“This is not an outlier and it’s not monsters. These are average people,” she said. “So much of our culture is shaming. It’s rewarding (the perpetrator) and until we confront the fact that our society really doesn’t enjoy this spectrum of abuse, until that changes, we won’t notice.”

Hellstrom and her ex-boyfriend were friends before they got together. She was in a sorority. He was in a fraternity.

They broke up on good terms, she said.

Last year, though, he claimed she overcharged and lost his debit card while she was working at a bar in Tallahassee. Hellstrom denies the accusation.

But the day after that argument, her photo was plastered across the private Facebook group Scalp Hunters. Then, every day for a week-and-a-half, he uploaded her photo multiple times, she said, onto another website, FSUACB.com.

She said she still doesn’t know why.

“No one wants to admit they sent nude photos,” she said. “It’s a stupid thing to do, but you make mistakes.”

Some cyberstalkers don’t even know their victims.

In one year, a Fort Myers woman said she received more than 1,000 violent threats from a cyberstalker she’s never met.

He also hacked into her computer and cellphone and posted her passwords online, making her email, credit card and bank accounts vulnerable. The woman, an attorney for a government agency who does not want to be named, said she had to spend nearly $3,000 to replace them.

The man popped up last year on Twitter, she said, during an anti-rape rally that he offered to live stream. She was a volunteer for an anti-rape group. He seemed as if he wanted to help.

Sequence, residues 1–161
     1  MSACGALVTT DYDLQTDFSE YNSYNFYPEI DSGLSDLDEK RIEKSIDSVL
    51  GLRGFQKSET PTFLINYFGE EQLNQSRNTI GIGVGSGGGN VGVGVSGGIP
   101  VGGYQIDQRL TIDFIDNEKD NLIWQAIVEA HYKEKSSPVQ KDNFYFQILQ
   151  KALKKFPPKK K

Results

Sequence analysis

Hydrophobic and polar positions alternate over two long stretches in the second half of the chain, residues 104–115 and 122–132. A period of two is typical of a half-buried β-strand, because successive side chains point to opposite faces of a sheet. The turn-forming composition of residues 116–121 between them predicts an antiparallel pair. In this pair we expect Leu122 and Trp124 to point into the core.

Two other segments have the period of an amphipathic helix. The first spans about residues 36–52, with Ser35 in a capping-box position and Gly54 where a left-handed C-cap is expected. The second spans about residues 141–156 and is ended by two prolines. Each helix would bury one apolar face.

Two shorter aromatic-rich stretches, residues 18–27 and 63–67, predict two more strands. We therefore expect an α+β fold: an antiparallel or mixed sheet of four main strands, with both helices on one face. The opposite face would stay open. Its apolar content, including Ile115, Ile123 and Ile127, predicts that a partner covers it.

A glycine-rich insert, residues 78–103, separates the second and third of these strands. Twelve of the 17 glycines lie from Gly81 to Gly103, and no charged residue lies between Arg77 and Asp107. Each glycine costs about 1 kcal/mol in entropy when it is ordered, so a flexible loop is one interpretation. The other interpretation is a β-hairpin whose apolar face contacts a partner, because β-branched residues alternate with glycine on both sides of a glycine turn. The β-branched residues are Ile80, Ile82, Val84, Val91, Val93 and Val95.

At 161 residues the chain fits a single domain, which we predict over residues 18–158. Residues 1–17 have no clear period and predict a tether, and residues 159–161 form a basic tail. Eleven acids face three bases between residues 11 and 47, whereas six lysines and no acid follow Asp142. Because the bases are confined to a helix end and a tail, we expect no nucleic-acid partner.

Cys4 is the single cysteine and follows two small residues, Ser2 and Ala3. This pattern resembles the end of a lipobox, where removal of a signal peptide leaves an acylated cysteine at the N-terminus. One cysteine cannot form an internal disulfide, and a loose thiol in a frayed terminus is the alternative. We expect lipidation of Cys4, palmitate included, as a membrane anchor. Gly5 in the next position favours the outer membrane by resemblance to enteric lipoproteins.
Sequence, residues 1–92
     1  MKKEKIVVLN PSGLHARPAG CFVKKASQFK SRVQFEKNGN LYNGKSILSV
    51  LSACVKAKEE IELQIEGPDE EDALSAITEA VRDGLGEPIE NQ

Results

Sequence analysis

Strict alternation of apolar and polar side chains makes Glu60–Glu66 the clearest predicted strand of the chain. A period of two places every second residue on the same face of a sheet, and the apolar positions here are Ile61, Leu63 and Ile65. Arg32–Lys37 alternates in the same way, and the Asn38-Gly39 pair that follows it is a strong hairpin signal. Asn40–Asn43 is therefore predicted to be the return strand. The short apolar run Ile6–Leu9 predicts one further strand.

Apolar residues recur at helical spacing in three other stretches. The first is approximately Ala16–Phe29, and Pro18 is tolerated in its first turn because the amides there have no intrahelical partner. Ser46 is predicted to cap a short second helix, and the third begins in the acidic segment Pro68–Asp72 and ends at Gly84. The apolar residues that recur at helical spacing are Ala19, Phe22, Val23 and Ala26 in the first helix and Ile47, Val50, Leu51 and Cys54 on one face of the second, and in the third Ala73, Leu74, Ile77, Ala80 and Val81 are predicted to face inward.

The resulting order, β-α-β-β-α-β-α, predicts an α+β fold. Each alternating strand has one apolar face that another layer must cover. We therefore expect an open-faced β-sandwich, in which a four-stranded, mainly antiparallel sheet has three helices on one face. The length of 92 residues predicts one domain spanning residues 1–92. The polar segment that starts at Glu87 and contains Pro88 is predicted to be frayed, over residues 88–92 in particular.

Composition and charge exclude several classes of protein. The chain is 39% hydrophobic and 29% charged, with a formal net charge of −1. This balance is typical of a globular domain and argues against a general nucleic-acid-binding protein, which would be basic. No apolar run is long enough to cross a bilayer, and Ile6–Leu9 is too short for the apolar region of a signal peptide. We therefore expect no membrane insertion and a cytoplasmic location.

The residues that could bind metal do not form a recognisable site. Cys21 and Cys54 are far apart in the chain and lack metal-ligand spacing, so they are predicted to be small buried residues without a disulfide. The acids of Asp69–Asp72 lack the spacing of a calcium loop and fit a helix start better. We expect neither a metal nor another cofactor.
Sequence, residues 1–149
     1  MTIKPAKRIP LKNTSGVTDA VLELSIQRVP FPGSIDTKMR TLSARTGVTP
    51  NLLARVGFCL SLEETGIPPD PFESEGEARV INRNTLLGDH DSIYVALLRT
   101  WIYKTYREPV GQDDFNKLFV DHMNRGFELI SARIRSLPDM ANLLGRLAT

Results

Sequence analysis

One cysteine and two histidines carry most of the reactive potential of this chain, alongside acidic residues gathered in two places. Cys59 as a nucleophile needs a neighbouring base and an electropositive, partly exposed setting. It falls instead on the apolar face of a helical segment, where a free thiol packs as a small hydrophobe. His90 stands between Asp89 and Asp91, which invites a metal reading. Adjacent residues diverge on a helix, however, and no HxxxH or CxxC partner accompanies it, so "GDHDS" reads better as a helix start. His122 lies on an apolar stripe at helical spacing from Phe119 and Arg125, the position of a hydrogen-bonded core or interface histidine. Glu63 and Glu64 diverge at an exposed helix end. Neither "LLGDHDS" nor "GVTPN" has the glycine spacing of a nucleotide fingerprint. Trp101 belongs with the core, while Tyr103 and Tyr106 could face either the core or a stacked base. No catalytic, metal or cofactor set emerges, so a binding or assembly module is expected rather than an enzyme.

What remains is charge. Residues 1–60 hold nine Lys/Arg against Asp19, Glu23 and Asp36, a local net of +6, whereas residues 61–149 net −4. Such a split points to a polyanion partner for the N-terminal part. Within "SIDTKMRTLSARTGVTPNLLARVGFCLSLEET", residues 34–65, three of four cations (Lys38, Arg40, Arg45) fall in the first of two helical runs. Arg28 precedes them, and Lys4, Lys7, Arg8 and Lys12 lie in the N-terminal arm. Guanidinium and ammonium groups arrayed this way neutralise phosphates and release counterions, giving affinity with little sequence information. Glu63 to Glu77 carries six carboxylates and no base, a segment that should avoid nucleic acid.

“He seemed harmless,” she said.

But that’s not how it turned out, she said. He’s tweeted bomb threats to her job, forced her off Twitter and threatened to create malicious websites under her name. He consistently ignores restraining orders and has even made death threats on social media to her 7-year-old son.

The whole “unplug and just walk away” thing, she said, doesn’t work with cyberstalkers.

“Once in a while I can take a step back and say it’s just the Internet. Fine. I can just ignore it. Most times, it’s not that easy, she said.”

7 Ways to Stay Safe Online 

Sameer Hinduja thinks more people should pause before they post.
The current generation, the criminology and criminal justice professor at Florida Atlantic University said — compared with the previous one — has been exposed to a lot more online sharing, and very thin notions of privacy.
“They have an invincibility complex on social media sites,” he said. “Where everyone shares a tongue on Instagram and Twitter. People think it’s not going to happen to them.”
But, as social media continue to take off, so do cyber crimes. Experts say, however, that they’re not being recorded as often as they’re being committed.

Hinduja and Sgt. Wade Williams with the Collier County Sheriff’s Office offered these tips:

  • Turn off location sharing on smartphones and social media networks.
  • Don’t give away your location or any details about yourself.
  • Be more wary of romantic relationships.
  • Don’t take nude or intimate photos.
  • Report the crime or any possible crimes to local law enforcement or call Crime Stoppers at 1-800-780-8477.
  • Record everything you can about the perpetrator, including screenshots, user names, profile information and emails.
  • If you know who is cyberstalking or harassing you, and you have a substantial fear of violence, Williams suggests filing an injunction.